Shank (footwear)

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Schematic of some common components of a dress shoe including the insole, stiffener, shank, outsole, toe puff, and welt.

In a boot or shoe, the shank is a long, thin piece of material between the insole and outsole intended to support the foot and provide structure.

Background[edit]

Materials and design for shanks vary widely with the purpose of the footwear. The shank of a pointe shoe used for ballet is made of flexible materials like leather, plastic, or cardstock, and may have customized length, thickness, and stiffness. Heavy boots such as those used for construction or hiking have far more rigid and durable shanks, often using steel, though contemporary shanks are more commonly made of less heat-conductive materials such as fiberglass and Kevlar. These materials' rigid nature adds a protective element, helping shield feet from puncture wounds and stone bruises.[1] The shank is crucial to the functionality of mountaineering boots, as they diminish the load incurred by the feet and calves over the course of an ascent.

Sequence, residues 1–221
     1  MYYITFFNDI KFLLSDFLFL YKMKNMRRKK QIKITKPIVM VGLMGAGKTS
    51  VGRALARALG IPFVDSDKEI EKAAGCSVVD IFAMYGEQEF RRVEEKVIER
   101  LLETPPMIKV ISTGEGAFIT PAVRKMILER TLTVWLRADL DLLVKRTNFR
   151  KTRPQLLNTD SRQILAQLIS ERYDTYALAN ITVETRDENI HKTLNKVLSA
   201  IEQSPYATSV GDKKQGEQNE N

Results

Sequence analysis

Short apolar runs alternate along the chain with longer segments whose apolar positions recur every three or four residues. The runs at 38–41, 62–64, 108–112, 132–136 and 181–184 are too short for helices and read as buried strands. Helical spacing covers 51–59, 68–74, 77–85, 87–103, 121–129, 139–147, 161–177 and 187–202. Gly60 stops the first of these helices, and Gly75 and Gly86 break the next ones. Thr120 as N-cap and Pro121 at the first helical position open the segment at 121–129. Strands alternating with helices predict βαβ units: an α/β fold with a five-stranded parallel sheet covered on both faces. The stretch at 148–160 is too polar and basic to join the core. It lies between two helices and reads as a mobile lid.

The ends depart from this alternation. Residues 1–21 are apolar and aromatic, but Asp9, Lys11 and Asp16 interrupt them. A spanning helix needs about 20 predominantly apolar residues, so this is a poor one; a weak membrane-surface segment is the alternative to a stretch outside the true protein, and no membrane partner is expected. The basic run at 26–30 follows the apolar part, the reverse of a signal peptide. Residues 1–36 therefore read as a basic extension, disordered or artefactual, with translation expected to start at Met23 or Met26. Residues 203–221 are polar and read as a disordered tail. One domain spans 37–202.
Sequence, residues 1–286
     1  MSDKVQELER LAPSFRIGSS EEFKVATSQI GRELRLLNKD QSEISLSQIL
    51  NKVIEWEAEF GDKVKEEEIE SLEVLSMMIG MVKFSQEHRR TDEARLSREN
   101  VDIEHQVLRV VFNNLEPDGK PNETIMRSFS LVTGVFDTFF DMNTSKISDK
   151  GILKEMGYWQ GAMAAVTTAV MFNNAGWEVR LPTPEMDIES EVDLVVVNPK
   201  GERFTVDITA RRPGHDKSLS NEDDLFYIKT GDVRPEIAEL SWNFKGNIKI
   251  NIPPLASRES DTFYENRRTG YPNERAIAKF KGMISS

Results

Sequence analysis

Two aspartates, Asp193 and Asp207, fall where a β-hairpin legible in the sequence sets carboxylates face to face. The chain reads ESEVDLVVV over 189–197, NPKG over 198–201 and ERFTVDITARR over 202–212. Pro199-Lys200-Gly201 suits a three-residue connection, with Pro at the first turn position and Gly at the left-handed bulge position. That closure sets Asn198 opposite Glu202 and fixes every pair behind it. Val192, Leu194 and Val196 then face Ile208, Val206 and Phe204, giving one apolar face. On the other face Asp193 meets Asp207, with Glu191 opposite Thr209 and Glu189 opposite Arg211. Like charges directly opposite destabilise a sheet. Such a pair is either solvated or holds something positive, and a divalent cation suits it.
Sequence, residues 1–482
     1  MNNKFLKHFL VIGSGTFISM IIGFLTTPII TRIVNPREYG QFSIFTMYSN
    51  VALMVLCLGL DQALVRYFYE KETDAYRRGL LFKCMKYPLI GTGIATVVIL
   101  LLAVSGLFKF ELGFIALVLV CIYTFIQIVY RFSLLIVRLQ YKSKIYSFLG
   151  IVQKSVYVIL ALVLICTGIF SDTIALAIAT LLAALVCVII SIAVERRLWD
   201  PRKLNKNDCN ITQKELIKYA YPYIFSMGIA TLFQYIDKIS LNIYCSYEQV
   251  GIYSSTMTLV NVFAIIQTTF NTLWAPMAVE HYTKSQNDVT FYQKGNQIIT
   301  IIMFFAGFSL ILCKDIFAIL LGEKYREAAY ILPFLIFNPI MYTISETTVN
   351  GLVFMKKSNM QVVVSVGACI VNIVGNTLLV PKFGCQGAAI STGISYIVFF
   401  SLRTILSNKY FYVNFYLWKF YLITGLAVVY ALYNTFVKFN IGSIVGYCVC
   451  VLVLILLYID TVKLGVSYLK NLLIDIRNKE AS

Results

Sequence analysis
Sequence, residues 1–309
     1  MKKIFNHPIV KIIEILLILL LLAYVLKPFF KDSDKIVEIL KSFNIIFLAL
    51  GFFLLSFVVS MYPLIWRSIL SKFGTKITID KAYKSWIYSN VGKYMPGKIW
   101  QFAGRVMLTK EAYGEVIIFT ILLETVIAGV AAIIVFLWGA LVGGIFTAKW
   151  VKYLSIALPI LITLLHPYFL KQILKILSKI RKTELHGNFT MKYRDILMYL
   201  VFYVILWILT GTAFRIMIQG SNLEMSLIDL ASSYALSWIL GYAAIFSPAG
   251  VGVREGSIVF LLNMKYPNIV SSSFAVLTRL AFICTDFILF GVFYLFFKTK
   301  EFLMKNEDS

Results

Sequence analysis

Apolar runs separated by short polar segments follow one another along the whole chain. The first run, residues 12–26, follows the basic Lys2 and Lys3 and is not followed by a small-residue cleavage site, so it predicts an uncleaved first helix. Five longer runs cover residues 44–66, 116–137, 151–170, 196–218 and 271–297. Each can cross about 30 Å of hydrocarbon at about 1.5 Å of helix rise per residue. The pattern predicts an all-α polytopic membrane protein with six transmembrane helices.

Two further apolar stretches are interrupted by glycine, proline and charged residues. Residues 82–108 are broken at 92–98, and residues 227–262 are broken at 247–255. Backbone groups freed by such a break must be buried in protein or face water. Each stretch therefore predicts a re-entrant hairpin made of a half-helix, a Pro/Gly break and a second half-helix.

References[edit]

  1. ^ "PROTECTIVE FOOTWEAR FAQS". Tyndale. Retrieved 16 December 2019.